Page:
Register addresses and ‘write’ register contents (e.g. register configuration settings) are transferred serially
from the µC to the MX-COM device on this line. Some instructions do not have data associated with the
command (i.e. the “General Reset” command, which is a single byte C-BUS transaction consisting of $01).

The first byte that must be transmitted to an MX-COM device in a C-BUS transaction is called an
“Address/Command” (A/C) byte. The A/C byte, transmitted on the Command Data line, specifies the
MX-COM device and register to be operated on. An A/C byte can then be followed by one of the following:
1) Data bytes from the µC (via the Command Data line) to configure the device register for specific
operation.
2) Data bytes from the MX-COM device (via the Reply Data line), such as status register contents.

In general, all bytes are transmitted most significant bit (msb) first. For multiple byte C-BUS transactions there
is usually a short time period between the bytes transferred in the transaction; this time period is typically
referred to as “tNXT” (Inter-Byte Time).

Command Data must be valid on the low-to-high transition of the Serial Clock. Consequently, it may be
convenient to configure the software such that the Command Data is changed on the high-to-low transition of
the Serial Clock.

Reply Data
Data is transferred serially from the MX-COM device to the µC on this line. Reply Data is only available if a
command (request) is first sent to the MX-COM device on the Command Data line. For multiple byte C-BUS
transactions there is usually a short time period between the bytes transferred in the transaction; this time
period is typically referred to as “tNXT” (Inter-Byte Time).

Reply Data sent from the MX-COM device to the µC is valid when the Serial Clock signal is high and may be
read into the µC on the Serial Clock low-to-high transition.

Interrupt Request (/IRQ)


An interrupt request line is provided to allow indication of a need for device servicing by the host µC. The /IRQ
line is typically connected to VDD via a pull-up resistor; refer to the respective MX-COM device data bulletin for
recommended pull-up resistor values.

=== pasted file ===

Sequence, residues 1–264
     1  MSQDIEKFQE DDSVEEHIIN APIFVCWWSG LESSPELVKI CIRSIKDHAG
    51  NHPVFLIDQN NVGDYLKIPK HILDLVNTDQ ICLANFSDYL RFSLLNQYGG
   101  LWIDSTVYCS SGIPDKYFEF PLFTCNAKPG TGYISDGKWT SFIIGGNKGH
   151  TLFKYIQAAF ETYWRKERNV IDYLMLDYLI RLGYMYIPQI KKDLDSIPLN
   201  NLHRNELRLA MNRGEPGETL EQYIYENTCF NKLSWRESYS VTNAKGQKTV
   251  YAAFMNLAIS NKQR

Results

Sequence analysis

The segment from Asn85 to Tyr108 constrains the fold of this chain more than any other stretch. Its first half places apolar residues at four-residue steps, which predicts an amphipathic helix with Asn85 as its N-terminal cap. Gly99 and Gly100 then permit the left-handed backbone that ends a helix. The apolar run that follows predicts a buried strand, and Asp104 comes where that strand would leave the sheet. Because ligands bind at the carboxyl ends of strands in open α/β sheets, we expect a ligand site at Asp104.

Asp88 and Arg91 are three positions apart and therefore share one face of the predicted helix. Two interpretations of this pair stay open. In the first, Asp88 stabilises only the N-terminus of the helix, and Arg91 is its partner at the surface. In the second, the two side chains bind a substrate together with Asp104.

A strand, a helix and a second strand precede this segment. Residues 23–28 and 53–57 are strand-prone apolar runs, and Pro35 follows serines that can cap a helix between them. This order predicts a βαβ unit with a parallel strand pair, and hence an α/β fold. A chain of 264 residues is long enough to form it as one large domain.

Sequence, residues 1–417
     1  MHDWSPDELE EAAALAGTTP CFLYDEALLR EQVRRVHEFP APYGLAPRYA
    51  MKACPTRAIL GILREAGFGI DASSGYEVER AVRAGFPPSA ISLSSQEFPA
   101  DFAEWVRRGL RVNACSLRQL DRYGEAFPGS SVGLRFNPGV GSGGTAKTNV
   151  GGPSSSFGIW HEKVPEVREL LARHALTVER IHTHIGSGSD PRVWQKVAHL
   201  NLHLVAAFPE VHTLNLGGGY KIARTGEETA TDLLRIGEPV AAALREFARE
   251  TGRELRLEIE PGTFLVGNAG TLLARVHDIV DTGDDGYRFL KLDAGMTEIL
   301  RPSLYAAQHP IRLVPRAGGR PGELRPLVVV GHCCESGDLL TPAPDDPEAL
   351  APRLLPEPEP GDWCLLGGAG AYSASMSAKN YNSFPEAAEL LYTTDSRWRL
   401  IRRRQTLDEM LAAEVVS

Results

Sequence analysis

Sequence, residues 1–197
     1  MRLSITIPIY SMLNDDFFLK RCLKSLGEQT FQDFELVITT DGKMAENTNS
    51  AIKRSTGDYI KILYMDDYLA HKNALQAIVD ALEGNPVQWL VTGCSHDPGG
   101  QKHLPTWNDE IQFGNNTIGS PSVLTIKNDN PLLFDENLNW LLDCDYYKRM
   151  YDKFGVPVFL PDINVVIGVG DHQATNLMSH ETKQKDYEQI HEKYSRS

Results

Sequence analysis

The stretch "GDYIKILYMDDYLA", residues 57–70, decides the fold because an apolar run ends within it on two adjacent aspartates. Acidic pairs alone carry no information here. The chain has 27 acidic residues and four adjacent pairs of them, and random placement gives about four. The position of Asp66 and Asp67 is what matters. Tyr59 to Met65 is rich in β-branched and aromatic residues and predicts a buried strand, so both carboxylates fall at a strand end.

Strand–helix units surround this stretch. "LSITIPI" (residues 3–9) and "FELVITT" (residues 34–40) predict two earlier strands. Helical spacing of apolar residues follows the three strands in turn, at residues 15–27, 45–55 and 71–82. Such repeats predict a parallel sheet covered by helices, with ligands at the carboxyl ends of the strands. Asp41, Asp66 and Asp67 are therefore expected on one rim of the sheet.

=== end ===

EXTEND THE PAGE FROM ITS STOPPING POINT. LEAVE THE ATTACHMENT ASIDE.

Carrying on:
Many MX-COM devices allow the “masking” of interrupts by the selection of appropriate register bits; please
refer to the respective MX-COM device data bulletin for more information.

¤2001 MX-COM, Inc. www.mxcom.com tel: 800 638 5577 336 744 5050 fax: 336 744 5054 Doc. # 20830144.001
4800 Bethania Station Road, Winston-Salem, NC 27105-1201 USA All Trademarks and service marks are held by their respective companies.
C-BUS Microcontroller Interface 3 Application Note

Examples of C-BUS Transactions


The examples below describe five transactions for C-BUS. Note that the events between /CS low and /CS
high form one complete transaction.

a. A single byte C-BUS transfer (e.g. “General Reset” command):

1. Take /CS low.


2. Send Address / Command byte containing General Reset command on Command Data line.
3. Take /CS high.
Single byte from µC:
/CS

b. A two-byte C-BUS transfer to the MX-COM device (e.g. to set up a control register):

1. Take /CS low.


2. Send Address / Command byte (containing desired register) on Command Data line.
3. Send data byte (register configuration byte) on Command Data line.
4. Take /CS high.

One Address and one Data byte from µC:

/CS

Data to MX-COM device

c. A three-byte C-BUS transfer to the MX-COM device (e.g. to set up a data word register):

1. Take /CS low.


2. Send Address / Command byte (containing desired register).
3. Send first data byte (half of data word).
4. Send second data byte (remainder of data word).
5. Take /CS high.

One Address and 2 Data bytes from µC:

/CS

MSB to MX-COM device LSB to MX-COM device

¤2001 MX-COM, Inc. www.mxcom.com tel: 800 638 5577 336 744 5050 fax: 336 744 5054 Doc. # 20830144.001
4800 Bethania Station Road, Winston-Salem, NC 27105-1201 USA All Trademarks and service marks are held by their respective companies.
C-BUS Microcontroller Interface 4 Application Note

d. A two-byte C-BUS transfer to and from the MX-COM device (e.g. request for status):

1. Take /CS low.


2. Send Address / Command byte (containing desired register to be read).
3. Read Reply Data byte (register contents).
4. Take /CS high.

One Address byte from µC and one Reply byte from MX-COM device:
/CS

Data from MX-COM device

e. A single 11 bit write transaction on the CMX264:

1. Take /CS low.


2. Send Address / Command byte.
3. Take /CS high.

One register is available on the CMX264 and this is write only. No other transactions are valid.

The CMX264 only reads the last 11 bits of any transfer (completed when /CS goes high). Thus, it may be
convenient to write all sixteen bits (normal word or two byte length) available. The additional leading bits will be
ignored.

¤2001 MX-COM, Inc. www.mxcom.com tel: 800 638 5577 336 744 5050 fax: 336 744 5054 Doc. # 20830144.001
4800 Bethania Station Road, Winston-Salem, NC 27105-1201 USA All Trademarks and service marks are held by their respective companies.